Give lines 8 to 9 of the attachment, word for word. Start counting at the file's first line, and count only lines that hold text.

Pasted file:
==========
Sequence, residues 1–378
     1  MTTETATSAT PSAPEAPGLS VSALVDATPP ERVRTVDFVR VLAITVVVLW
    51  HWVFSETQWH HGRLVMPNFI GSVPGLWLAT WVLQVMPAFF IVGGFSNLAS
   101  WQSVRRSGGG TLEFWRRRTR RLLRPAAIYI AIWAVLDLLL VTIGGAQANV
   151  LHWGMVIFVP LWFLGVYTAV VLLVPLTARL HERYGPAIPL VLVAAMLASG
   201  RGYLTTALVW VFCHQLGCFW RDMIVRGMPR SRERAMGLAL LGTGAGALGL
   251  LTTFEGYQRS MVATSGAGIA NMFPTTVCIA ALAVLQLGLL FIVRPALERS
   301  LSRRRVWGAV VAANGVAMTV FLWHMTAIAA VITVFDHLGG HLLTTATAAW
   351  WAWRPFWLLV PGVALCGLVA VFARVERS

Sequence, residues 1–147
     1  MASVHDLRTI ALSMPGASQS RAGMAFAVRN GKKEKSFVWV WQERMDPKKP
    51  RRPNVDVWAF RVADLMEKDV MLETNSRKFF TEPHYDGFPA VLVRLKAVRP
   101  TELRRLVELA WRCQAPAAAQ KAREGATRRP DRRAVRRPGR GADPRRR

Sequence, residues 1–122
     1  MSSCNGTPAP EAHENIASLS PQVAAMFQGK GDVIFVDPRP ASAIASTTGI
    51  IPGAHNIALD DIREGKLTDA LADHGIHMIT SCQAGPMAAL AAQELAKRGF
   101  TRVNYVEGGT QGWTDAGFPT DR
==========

   301  LSRRRVWGAV VAANGVAMTV FLWHMTAIAA VITVFDHLGG HLLTTATAAW
   351  WAWRPFWLLV PGVALCGLVA VFARVERS